“[Traunweiser’s] death coming so soon after the loss of her brother is an almost insupportable grief to her parents,” read an article from the Calgary Herald, reproduced in the Grand Forks Sun in 1918. “The death … will come as a great shock to a large number of friends with whom Miss Traunweiser was very popular.”

Historian Harry Sanders visited Traunweiser’s grave in Calgary’s Union Cemetery on Armistice Day — now known as Remembrance Day — to pay his respects and see if anybody had placed a stone to remember her by.

“You go there, and you can read it’s the Traunweiser family plot, but nothing marks her grave,” he said.

Edna Traunweiser, who died after contracting the Spanish influenza while working as a volunteer nurse in November 1918, is buried here in her family plot in Calgary’s Union Cemetery. (Sarah Rieger/CBC)

The flu, which was a strain of H1N1, first appeared in Alberta a little more than a month before Traunweiser’s death.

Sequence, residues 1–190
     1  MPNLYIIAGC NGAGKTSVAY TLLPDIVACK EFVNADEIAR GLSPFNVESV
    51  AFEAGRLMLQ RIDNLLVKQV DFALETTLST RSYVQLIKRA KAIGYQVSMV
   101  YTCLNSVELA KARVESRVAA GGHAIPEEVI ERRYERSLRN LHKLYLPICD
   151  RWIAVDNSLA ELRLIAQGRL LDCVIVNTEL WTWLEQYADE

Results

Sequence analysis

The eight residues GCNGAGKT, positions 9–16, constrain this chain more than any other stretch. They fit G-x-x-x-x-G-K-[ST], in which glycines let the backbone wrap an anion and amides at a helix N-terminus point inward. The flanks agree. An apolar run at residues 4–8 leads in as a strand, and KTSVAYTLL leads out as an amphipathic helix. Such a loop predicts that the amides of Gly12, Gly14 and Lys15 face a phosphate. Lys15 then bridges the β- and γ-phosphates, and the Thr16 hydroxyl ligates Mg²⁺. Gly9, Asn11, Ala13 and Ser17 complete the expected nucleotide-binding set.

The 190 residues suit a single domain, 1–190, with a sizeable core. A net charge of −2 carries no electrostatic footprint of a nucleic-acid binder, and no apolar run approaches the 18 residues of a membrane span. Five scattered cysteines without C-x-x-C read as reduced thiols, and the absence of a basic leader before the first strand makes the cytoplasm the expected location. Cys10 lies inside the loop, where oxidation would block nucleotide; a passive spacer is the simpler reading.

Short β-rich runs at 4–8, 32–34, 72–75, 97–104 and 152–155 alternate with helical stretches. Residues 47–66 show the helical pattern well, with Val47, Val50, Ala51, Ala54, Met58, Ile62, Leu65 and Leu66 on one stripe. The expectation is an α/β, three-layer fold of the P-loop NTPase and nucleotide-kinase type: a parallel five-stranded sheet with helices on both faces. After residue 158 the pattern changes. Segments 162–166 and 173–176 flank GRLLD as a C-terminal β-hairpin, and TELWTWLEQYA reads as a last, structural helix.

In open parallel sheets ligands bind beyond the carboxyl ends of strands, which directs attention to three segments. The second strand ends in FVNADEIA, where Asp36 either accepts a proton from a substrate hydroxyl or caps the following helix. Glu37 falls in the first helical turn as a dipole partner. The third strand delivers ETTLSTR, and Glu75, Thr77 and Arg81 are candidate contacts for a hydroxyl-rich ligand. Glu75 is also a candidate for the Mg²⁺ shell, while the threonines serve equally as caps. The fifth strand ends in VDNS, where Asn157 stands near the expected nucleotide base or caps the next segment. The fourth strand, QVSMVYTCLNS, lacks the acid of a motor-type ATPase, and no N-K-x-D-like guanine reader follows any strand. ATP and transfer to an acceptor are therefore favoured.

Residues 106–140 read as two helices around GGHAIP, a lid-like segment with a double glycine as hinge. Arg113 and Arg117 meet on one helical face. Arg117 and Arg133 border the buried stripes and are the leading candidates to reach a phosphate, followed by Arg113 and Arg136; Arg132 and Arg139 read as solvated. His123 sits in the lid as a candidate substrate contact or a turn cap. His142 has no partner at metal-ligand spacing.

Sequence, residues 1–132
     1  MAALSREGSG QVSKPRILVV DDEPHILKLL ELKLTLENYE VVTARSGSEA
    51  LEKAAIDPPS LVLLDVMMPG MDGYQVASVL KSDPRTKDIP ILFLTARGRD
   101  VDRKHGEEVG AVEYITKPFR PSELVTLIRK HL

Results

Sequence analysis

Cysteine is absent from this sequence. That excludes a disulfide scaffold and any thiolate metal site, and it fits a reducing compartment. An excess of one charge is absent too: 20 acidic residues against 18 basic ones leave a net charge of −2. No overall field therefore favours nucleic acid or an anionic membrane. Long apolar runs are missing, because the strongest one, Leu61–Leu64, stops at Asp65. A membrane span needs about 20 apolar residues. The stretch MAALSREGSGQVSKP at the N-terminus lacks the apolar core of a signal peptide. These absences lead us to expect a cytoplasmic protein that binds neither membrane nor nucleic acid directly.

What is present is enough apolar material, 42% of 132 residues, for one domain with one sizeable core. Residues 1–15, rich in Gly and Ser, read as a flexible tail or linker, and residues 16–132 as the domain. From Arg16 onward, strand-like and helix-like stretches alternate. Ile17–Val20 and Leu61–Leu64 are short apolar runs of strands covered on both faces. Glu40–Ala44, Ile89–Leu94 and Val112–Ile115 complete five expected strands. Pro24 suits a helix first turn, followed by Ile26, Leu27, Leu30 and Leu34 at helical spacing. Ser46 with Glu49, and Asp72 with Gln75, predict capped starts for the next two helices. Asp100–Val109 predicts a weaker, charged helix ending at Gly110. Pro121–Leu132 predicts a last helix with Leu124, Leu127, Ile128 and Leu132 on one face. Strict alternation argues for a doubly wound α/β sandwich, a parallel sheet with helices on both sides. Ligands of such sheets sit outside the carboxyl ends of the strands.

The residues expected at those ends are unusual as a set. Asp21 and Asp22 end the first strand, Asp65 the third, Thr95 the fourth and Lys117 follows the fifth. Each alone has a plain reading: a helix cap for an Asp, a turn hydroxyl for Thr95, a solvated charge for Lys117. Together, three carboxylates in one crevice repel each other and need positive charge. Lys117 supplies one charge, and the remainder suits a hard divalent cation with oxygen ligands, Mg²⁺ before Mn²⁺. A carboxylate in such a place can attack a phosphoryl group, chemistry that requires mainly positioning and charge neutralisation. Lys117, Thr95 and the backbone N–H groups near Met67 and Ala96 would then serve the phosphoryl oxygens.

Troops were being mobilized to join the Siberian Expeditionary Force.

Sick soldiers, returning from the front, encountered healthy ones who were boarding trains headed for Vancouver to depart for Russia.

Train travel enabled the illness to spread across crowded barracks and hospitals in a matter of days, wrote historian Mark Humphries, in a book on the impact of the First World War and the Spanish influenza on Canadians.

The name was a misnomer. Spain wasn’t participating in the war, so its press was freer to report details about the number of people impacted by the pandemic than countries that didn’t want to let their enemies know exactly how many of their soldiers and citizens were sick or dying, according to the American College of Physicians.

The first train carrying the virus pulled into Calgary at 4 a.m. on Oct. 2, 1918, and 12 soldiers were removed and quarantined at Sarcee camp, Humphries wrote. 

Two days later, the province’s health board met for the first time to declare a plan for the developing epidemic.

Women managed the crisis

“Both professional female nurses and volunteers now took the lead role in managing the crisis at the level of home and community,” wrote Humphries.

He quotes one nurse, who said, “It is dangerous — undoubtedly. So is overseas service; yet that did not hinder enlisting to any large extent. It would be better to have the flu than to carry through life the uneasy feeling that by your indifference you allowed some other woman to die.”